Green building is the next step in quality.
Green building is an approach to construction that can be applied to public and commercial buildings as well as the houses we live in. It guides every step of design and construction, from choosing a building site to installing a heating system. Green building is alternately described as “sustainable” building, and ultimately this may be a more accurate way of looking at it.
Green buildings are as varied as the people who live in them. There is no single template for a green house. But even though green houses may look different from the outside, their designs are based on three broad principles:
- Energy efficiency. The house uses as little energy as possible. Whenever feasible, renewable forms of energy should replace fossil fuels, which by definition are not renewable.
- Conservation of natural resources. This broad objective recognizes that resources are finite. There is only so much timber, ore and water to go around, and what resources are available to us should be used thoughtfully. Seen through this lens, durability, low environmental impact and low maintenance all become important attributes for a house.
- Excellent indoor air quality. Green homes are designed to be healthy houses. A green home shouldn’t have moisture, mold, or radon problems. Building materials, furnishings, paints and finishes should not contribute toxins and irritants to indoor air. Even with clean air though, houses need mechanical ventilation that assures a steady flow of fresh air.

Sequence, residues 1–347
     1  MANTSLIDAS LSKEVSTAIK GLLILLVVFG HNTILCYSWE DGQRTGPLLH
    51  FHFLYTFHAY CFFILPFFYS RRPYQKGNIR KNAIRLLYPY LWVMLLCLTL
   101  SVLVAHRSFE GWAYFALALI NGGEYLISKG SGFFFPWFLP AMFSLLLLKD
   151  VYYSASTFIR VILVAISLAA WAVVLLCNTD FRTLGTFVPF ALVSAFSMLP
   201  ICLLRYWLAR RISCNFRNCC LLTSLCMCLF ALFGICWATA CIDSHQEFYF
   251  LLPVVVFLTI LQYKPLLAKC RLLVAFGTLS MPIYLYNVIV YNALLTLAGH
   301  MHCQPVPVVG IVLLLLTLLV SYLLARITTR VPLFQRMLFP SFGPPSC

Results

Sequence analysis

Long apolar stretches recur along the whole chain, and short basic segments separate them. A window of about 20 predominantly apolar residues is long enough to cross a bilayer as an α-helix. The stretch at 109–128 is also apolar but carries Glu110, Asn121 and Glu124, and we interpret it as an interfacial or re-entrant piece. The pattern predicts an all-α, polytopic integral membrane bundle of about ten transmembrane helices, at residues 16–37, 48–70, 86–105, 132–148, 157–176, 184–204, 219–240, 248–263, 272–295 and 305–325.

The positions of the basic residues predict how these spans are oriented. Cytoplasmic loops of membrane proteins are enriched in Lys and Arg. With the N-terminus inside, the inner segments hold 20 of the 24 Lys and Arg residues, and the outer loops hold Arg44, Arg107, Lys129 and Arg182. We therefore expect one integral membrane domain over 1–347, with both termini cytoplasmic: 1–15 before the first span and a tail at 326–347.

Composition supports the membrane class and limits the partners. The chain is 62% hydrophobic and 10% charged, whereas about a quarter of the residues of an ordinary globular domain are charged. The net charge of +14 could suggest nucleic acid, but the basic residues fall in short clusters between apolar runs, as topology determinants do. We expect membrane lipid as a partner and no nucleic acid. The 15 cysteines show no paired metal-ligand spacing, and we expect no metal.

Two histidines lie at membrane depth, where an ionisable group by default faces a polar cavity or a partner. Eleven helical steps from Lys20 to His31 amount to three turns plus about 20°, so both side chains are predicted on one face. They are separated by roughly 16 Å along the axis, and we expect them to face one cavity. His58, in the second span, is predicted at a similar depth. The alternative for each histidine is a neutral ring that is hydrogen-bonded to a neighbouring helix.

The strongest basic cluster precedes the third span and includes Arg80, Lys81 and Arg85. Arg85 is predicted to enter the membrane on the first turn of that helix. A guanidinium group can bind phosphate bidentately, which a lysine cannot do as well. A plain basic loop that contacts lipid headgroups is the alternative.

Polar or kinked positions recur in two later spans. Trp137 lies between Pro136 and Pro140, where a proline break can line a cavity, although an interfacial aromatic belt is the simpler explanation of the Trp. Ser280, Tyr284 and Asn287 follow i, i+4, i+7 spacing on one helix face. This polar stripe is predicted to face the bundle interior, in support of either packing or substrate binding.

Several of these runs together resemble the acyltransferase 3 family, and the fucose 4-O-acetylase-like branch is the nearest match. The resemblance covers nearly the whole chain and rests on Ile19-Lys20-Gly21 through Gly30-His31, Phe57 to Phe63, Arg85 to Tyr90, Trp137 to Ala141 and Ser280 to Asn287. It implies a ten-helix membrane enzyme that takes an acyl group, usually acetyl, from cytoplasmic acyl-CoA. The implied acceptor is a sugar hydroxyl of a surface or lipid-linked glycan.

When we see an Energy Star label on a new refrigerator or washing machine, we recognize it as a good thing. Green isn’t that simple. But understanding the principles behind sustainable building helps us make appropriate decisions about the houses we build.
Does Green Building make sense?
In the US we sell our houses far quicker – even in the tough market we are in right now – then say in Germany. On average houses here are sold every 9 years.
So when does your green home improvement amortize? Lets say you added solar to your house and spend $30,000.- to be somewhat energy independent.
you really have to see what you safe, add the tax credits to it and check if this all makes sense when you sell your home 10 years later.Check this link for NC Renewable Energy Tax Credit (Personal)